I’ve been kicking the shit out of myself for more than a year because I haven’t taken the ample opportunities that have generously presented themselves to do what I love best. Waiting as long as I did to travel like this again was a mistake. But it was also what amplified my experience in Peru, no more so than in those first few hours of exploring a new city for the first time.
The streets in Lima are massively wide and almost always packed with vehicles. The sidewalks are bustling with thousands of people at nearly all hours of the day and night. Food stalls are everywhere, to our delight. I hadn’t really considered the possibility that there would be so many dirt-cheap options for some of the best food I’ll ever eat.
In the cab to our hostel, we’d noticed dozens of Chifa restaurants; Peruvian-Chinese fusion representative of an Asian culture that made its way to the Pacific shores of South America. Chifa creates a unique blend of ingredients and styles. Local meat and produce is used for these Chinese recipes. The first place we went, however, turned out to be the last for this style of cuisine. It was pretty good, I had some noodles and a rice dish. But it pretty much just reminded me of Chinese food that I could get back home with a bit of a twist on it. I also drank my first bottle of local beer, Cristal, La Cerveza del Peru.
After a confusing conversation with the lady who prepared the food, we got a lot more than we thought we ordered. We also got our first taste of language-barrier related travel issues, but it would only improve from there. Basic but passable Spanish isn’t too hard to pick up for an English speaker if you have a little bit of time.
A homeless man came into the restaurant, asking everyone for money or food. Since we ordered too much, we gave him a plate of ours, which he silently took, sat down and made a huge mess of eating. I don’t think the owners (the chef/waitress and her husband) appreciated us inviting the man to eat like that in their restaurant. After all, the meal was already paid for by us, and he seemed to attract a bit of unwanted attention from other patrons and passersby.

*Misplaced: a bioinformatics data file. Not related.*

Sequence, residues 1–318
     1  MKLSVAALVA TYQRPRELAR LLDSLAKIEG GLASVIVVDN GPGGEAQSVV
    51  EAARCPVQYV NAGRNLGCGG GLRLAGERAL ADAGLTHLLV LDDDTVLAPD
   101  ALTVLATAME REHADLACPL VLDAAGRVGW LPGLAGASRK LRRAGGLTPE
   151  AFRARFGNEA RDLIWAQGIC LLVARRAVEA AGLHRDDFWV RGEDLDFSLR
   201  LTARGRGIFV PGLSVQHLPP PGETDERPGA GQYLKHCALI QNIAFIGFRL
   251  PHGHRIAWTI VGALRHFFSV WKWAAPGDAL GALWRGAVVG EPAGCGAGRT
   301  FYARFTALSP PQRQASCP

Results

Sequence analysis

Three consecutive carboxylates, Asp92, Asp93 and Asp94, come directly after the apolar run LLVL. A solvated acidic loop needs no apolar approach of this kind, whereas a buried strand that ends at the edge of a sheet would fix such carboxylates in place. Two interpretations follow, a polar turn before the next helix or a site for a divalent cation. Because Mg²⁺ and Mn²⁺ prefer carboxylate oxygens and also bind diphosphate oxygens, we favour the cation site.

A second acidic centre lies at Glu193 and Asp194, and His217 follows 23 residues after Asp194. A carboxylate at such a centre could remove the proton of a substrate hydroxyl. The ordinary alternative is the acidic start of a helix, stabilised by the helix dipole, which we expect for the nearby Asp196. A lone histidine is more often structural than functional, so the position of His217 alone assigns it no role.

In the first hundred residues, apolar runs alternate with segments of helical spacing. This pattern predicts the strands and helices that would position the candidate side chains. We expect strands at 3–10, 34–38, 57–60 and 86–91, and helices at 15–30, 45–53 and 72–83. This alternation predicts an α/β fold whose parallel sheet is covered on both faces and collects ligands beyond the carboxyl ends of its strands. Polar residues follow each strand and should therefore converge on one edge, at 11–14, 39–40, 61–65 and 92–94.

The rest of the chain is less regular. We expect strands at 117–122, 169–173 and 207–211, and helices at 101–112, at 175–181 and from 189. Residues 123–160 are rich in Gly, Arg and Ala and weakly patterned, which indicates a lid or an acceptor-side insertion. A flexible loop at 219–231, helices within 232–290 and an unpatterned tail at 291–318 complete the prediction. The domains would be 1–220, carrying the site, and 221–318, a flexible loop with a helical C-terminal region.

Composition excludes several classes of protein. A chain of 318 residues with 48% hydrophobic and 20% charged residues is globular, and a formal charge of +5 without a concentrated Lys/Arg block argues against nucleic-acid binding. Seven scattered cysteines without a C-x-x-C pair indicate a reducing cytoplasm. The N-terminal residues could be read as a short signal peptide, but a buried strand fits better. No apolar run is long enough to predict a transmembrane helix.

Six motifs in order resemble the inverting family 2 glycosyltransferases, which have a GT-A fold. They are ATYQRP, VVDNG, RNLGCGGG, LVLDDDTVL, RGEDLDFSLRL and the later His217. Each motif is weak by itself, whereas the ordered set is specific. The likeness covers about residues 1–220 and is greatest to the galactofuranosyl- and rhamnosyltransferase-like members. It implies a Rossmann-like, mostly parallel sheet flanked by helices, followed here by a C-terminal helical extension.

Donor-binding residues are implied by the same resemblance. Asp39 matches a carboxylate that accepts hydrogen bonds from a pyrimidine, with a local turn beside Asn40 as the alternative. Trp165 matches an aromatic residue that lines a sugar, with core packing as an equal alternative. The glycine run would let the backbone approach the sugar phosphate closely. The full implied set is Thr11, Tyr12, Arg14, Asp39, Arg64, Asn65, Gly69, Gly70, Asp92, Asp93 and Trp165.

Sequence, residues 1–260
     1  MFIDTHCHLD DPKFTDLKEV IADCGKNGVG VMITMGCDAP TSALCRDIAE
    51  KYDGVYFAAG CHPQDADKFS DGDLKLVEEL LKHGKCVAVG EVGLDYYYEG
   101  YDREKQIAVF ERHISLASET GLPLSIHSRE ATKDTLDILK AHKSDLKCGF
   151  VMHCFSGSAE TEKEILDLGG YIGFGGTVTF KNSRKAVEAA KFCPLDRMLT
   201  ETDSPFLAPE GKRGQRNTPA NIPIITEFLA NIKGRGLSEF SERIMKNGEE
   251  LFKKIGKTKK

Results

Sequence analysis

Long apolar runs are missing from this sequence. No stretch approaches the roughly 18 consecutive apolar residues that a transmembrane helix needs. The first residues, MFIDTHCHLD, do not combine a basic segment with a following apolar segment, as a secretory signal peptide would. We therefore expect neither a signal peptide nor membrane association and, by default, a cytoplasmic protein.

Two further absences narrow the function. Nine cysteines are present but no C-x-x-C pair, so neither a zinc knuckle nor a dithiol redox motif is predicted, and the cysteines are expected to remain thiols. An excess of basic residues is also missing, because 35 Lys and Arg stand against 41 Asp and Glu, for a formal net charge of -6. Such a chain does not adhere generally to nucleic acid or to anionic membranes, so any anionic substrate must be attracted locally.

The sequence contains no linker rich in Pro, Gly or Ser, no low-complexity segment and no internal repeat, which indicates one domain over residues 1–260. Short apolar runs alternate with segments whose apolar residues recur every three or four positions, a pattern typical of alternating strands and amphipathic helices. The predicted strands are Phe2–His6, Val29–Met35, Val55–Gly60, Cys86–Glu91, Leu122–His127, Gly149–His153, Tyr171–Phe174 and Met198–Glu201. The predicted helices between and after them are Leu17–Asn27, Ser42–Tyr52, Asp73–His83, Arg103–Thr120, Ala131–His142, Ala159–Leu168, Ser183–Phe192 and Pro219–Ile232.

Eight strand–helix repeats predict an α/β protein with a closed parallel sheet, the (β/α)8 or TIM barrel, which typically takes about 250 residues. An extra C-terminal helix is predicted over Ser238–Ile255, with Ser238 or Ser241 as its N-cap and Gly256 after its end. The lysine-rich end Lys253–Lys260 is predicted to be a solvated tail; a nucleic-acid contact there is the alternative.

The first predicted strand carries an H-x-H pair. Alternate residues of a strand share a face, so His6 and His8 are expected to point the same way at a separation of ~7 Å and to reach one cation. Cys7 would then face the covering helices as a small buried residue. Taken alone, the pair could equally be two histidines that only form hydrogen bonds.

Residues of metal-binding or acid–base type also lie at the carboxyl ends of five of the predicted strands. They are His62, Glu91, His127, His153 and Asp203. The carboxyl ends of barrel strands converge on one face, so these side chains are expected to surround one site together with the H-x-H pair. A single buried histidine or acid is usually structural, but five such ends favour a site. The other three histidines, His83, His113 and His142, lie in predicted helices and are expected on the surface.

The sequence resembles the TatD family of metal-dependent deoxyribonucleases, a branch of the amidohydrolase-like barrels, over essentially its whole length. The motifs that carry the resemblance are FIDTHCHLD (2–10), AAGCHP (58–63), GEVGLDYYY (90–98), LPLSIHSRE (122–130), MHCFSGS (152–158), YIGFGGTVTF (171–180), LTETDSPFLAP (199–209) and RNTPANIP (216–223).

After we paid and left, we began walking down the streets, into the night to explore some more. We had permanent grins on our face. Nothing could take away from our good mood.
We stopped for some fruit shakes on our way back to the hostel. Teresa got pineapple and I got papaya. It was slightly bland but still refreshing. Everything is when you’re in honeymoon-mode with an experience. One thing I can say about the shortness of this trip is that that feeling tended to linger throughout the entirety, knowing that it would be over before we knew it and Teresa and I wanting to soak up every last second.
The constraint of our temporal window also factored in to how we organized ourselves. We had to start making plans ASAP and we were never completely sure what exactly we would be able to fit in. Our goal was: Cuzco/Machu Picchu to the Amazon Jungle to Arequipa and Colca Canyon. We had our route mapped out in our heads leading into this trip, simply based on the way it looked to us on the map. A perfect loop of southern Peru, in our minds. What turned out to be the determining factor was which cities constituted the jump point for which excursion.
The following day in Lima, we would be figuring out exactly where our train of thought went wrong and how we would be arranging, and stressing out about, all of the possibilities and potential missed opportunities.